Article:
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'Girish Karnad was such a secure human being'

June 11, 2019 09:45 IST
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'Girish Karnad has left behind a lot of wonderful plays.'
'We must continue to do his work.'
'That’s the way to keep his memory alive.'

Photograph: Rajesh Karkera/

One of India’s greatest talents, Girish Karnad touched the lives of many.

Among them is Lillete Dubey, who shared his love and passion for theatre.

Lillete has worked with Karnad -- she has directed his plays, Wedding Album and Boiled Beans On Toast -- and she’s cherished every moment.

“He was one person who really valued theatre,” Lillete tells Ronjita Kulkarni/ in her rich tribute to the towering talent.

I knew him first as an actor-director.

I always admired him.

I thought he was very intelligent, articulate, forthright, talented and multi-faceted.

The thing that attracted me the most was his love for the theatre. Those are the memories that stay with me the most.

In all the years that I knew him, I always felt that Girish had the same kind of love and passion for theatre that I do.

In this day and age when people are caught up with so many other things, not many have that singular kind of love for theatre.

But he was definitely one of them.

Whenever we would talk, we would talk about a few good films, this and that, but we mostly spoke about theatre.

Lillete Dubey

IMAGE: Lillete Dubey. Photograph: Pradeep Bandekar

When I started my company (Primetime TheatreCo), his work interested me because I was interested in Indian writers.

I met him and he suggested some scripts of plays that were well known and that were very, very good but they did not resonate that much with me that I would immediately want to do them.

I toyed with one or two.

He wrote an interesting script which I was thinking of doing. In the meantime, he wrote a contemporary play called Wedding Album.

I loved it and I told him that I would love to do it.

It was such a different kind of Girish Karnad play.

Everyone knew him for his historical Tughlaq or Bali: The Sacrifice.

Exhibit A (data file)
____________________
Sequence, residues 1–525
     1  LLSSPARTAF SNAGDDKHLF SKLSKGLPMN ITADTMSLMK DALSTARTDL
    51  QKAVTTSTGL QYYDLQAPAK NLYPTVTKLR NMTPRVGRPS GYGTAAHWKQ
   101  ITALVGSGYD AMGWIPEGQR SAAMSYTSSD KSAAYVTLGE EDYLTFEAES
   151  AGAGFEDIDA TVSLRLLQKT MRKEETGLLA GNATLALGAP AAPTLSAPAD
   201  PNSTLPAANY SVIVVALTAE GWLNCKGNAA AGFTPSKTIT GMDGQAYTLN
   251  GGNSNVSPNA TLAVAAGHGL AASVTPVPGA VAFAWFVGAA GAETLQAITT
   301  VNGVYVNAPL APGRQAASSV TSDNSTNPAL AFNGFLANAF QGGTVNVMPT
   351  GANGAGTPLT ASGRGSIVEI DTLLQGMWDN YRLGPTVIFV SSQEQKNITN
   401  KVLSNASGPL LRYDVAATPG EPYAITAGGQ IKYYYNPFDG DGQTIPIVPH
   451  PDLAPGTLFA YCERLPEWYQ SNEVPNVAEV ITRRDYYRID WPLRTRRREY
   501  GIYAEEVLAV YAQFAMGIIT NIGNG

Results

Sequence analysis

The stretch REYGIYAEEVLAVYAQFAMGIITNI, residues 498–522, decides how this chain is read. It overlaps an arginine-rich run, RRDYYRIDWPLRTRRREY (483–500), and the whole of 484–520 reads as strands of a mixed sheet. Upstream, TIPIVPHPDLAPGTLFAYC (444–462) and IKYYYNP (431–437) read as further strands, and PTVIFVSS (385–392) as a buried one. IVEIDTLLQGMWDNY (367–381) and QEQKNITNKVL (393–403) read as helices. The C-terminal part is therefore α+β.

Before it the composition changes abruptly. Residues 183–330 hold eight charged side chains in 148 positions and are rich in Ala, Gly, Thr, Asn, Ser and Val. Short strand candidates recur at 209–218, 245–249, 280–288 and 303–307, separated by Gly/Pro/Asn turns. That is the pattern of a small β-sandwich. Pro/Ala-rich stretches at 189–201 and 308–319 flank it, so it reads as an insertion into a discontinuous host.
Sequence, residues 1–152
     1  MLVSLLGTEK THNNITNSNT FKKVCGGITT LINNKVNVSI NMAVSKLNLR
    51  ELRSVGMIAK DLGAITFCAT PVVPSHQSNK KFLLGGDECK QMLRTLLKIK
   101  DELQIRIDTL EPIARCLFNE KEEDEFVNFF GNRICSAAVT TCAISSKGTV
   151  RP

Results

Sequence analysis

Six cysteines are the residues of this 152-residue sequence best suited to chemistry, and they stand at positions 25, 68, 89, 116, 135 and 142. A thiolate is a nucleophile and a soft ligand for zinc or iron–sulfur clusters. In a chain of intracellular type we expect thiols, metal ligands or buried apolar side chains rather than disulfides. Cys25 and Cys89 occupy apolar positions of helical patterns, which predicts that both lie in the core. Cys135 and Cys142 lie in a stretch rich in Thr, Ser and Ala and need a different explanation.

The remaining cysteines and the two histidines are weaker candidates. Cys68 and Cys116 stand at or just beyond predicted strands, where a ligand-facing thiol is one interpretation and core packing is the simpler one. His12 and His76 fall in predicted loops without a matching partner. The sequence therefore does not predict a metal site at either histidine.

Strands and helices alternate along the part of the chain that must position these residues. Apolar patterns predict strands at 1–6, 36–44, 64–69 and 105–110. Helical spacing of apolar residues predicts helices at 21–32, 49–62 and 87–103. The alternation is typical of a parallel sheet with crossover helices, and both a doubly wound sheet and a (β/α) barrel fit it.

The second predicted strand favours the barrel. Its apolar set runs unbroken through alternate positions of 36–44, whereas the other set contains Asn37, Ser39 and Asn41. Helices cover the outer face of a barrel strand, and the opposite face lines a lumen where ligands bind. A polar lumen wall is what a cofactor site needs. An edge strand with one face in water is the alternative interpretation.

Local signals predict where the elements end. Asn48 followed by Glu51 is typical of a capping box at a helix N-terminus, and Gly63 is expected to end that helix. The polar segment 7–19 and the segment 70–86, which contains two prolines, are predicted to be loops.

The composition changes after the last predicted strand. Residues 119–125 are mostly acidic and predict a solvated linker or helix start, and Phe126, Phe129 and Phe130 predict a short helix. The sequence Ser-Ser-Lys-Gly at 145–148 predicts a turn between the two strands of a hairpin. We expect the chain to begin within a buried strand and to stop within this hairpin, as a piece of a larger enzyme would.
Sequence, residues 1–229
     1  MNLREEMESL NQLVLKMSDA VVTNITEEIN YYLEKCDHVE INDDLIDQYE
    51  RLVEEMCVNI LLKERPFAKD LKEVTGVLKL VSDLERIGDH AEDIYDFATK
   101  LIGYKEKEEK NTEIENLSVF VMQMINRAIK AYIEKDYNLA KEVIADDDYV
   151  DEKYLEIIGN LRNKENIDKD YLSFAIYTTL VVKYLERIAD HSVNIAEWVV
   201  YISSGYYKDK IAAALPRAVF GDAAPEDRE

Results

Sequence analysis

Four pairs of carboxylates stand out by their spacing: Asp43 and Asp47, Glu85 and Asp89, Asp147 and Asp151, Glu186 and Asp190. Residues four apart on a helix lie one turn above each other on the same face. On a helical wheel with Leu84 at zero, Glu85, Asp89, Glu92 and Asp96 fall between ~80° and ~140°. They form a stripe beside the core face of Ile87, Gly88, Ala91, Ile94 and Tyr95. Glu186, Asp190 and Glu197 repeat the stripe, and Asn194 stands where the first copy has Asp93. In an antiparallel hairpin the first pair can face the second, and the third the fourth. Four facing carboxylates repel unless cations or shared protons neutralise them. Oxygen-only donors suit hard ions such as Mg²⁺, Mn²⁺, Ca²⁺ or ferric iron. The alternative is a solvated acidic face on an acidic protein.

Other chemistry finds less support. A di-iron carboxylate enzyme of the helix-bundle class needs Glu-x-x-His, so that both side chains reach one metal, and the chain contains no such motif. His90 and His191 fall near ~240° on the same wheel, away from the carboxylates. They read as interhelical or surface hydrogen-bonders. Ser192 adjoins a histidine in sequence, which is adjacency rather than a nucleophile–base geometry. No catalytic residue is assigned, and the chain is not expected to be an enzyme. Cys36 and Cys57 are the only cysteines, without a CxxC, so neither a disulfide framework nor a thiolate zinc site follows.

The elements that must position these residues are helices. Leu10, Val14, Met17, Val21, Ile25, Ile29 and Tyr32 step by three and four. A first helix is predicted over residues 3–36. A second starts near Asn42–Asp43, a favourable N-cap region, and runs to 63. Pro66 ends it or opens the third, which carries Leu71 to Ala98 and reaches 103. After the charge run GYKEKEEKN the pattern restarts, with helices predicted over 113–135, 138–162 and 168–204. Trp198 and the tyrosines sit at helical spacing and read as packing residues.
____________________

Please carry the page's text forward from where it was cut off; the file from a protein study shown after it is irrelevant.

But this was a different Girish.

He was making an observation about contemporary society and he brought in all his sharp observations, his tongue-in-cheek humour and his intelligence.

It was multi-layered, there were a lot of interesting things in the subject.

That’s how our association started.

IMAGE: A scene from the play, Wedding Album.

He had watched a lot of my plays like Wag The Dog and he knew my work.

He liked the fact that I was interested in Indian writing. I was promoting it and making sure that a lot of people write their own plays -- our own stories -- rather than just taking stories from outside.

I thoroughly enjoyed my association with him. He was a very intelligent, well informed, charming man.

I loved his enthusiasm.

And I loved our productions. We were talking about a third one.

He was telling me to do one of his earlier plays and I said okay. There was a lovely one on Tipu Sultan, which I was thinking about. I might even do it now.

He was also thinking of a new play. I don't know whether he wrote it or not but we discussed it.


He was such a secure human being.

He never minded that I wanted to edit his work or change things around.

He would say, "You just do what you do. You’re the one who’s directing it, do whatever you think works."

It was a very nice, collaborative kind of atmosphere. Very encouraging.

He loved the fact that we would travel with his play.

Wedding Album was, by far, his most travelled play. We’ve done over 300 shows across the world.

I sent him some of the reviews from England and he was very happy.

Photograph: Rajesh Karkera/

He was from the old school, so he didn’t really care about the commerce of it.

He would say I don’t mind if you don’t pay me anything, as long as you do the play.

He was someone who really valued theatre; very few people in India do that.

It’s like the passing of an era for me.

Like Mohan Rakesh (a pioneer of the Nai Kahani movement in Hindi literature)... the kind of writing they did, the intellect they had, the kind of passion they had... At least some of us are left with at least a little bit of that.

It’s very sad that that era is kind of getting over.

He was one of them among that school of thought, who really brought a lot of social commentary and awareness about the political landscape.

There was a lot of erudition behind the writing.

They were intelligent, well read, well informed, aware and they brought all that to their work.

They did what they really loved.

I don’t think any of them wrote to make a lot of money.

They just loved the theatre.

I was very lucky to have worked with Girish and to have known him, to have got a lot of encouragement from him. The kind of emails he would send me of my work... it’s wonderful to have someone like that.

It’s wonderful to have someone who encourages you to keep going down this path, where you won’t get a lot of commercial success. 

It’s a niche world and can only cater to this many people. It cannot reach millions of people like cinema does, or television or the web.

So it’s good to work with one of the giants.

He has left behind a lot of wonderful plays.

We must continue to do his work.

That’s the way to keep his memory alive, by doing his work.

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